Landlords battling tenants for payment of Covid arrears will be relieved by the first reported decision in such a claim (Commerz Real Investmentgesellschaft mbh v TFS Stores Limited). The landlord (the owner of the Westfield Shopping Centre in Shepherd’s Bush) obtained summary judgment for £166,884.82 plus interest against the tenant.
The court process was quick, with proceedings having been issued in early December 2020. The defences raised by the tenant will be of particular interest as they focused on the Government’s Code of Practice (“the Code”), the terms of the landlord’s insurance policy and interpretation of the rent cesser clause in the relevant lease.
The court gave short shrift to the tenant’s argument that the landlord had issued proceedings too soon and was exploiting a “loophole” by issuing proceedings at all at a time when other remedies like forfeiture were still restricted. The Code clearly states “that it does not change the underlying legal relationship or lease contract” and the restrictions have focused on enforcement, rather than, as in this case, a landlord’s right to ask the court to determine whether the tenant should pay rent.
The tenant had been forced to develop its defence in respect of insurance shortly before the hearing (having been refused an adjournment) and “the precise landing point in terms of the case” it wished to pursue were far from clear to the court. One of the issues was whether the landlord’s loss of rent insurance should have covered a situation like the Covid-related government orders for shops to close. In dealing with arguments raised, the court noted that while the landlord’s policy did include cover for Notifiable Diseases, the landlord was not obliged to provide this cover and, although the tenant paid for it, the policy covered the landlord’s losses, not the tenant’s; such losses are for tenant businesses to insure. As to the rent cesser, the provisions only applied where there was physical damage and there was no basis to construe them so they applied where the premises were closed due to a legal requirement.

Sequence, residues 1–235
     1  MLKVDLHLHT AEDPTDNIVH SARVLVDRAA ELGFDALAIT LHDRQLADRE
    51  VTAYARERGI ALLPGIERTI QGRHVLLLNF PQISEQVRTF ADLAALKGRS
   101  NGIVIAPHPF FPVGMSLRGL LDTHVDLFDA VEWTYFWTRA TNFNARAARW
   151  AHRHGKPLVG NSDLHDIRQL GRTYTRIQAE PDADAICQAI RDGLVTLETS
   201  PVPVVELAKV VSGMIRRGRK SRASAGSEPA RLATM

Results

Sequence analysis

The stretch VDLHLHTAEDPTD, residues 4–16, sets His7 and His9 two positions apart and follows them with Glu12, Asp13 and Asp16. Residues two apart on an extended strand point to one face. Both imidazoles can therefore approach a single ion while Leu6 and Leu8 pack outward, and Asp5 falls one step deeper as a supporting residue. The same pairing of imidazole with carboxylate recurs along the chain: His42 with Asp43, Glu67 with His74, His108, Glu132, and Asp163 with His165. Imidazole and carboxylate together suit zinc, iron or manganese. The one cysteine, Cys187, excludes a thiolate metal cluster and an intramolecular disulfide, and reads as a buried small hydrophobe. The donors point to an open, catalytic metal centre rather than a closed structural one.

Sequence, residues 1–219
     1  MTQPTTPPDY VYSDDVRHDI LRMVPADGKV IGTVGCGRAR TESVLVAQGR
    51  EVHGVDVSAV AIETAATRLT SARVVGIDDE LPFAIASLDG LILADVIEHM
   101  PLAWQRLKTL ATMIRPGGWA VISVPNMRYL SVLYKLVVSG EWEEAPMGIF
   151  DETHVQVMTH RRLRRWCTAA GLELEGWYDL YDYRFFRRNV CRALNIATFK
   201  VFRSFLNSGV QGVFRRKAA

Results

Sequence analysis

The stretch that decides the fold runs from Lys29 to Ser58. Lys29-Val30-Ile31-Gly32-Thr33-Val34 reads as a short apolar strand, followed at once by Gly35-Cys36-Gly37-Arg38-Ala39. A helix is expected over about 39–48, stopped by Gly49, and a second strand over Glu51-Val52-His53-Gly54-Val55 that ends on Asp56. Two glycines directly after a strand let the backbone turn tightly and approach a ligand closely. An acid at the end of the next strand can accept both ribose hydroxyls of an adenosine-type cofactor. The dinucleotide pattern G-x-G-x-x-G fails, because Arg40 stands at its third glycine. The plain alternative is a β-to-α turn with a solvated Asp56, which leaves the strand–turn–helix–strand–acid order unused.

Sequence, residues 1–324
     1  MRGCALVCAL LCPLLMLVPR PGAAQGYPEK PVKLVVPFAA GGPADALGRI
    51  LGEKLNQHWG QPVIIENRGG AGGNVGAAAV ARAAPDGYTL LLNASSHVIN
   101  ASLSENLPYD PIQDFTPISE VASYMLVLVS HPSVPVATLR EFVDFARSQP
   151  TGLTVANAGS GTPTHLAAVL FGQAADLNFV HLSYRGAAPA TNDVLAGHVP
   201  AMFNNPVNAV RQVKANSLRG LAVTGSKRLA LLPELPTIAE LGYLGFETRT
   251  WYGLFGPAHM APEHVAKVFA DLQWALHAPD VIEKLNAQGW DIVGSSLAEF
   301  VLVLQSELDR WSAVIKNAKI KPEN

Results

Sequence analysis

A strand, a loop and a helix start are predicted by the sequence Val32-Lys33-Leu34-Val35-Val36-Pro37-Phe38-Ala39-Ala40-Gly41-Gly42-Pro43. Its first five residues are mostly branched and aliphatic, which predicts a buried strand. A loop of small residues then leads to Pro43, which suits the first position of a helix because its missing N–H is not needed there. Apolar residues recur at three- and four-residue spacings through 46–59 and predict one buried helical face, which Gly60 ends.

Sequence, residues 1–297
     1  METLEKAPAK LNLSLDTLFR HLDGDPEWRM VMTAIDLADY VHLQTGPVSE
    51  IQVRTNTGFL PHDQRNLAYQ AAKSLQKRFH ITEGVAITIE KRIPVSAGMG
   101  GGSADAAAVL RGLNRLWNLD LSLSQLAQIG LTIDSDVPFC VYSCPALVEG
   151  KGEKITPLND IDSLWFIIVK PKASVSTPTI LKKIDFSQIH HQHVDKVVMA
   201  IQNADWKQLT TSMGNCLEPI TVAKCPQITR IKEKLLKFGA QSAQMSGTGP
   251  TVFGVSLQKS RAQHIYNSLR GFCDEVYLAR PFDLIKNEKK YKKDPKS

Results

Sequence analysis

Landlords should note that the terms of the lease and any insurance policy are key. We expect more judgments in this area, where courts will also be asked to look at tenants’ defences based on frustration, implied terms and supervening illegality.
The Code is not a charter for tenants declining to pay rent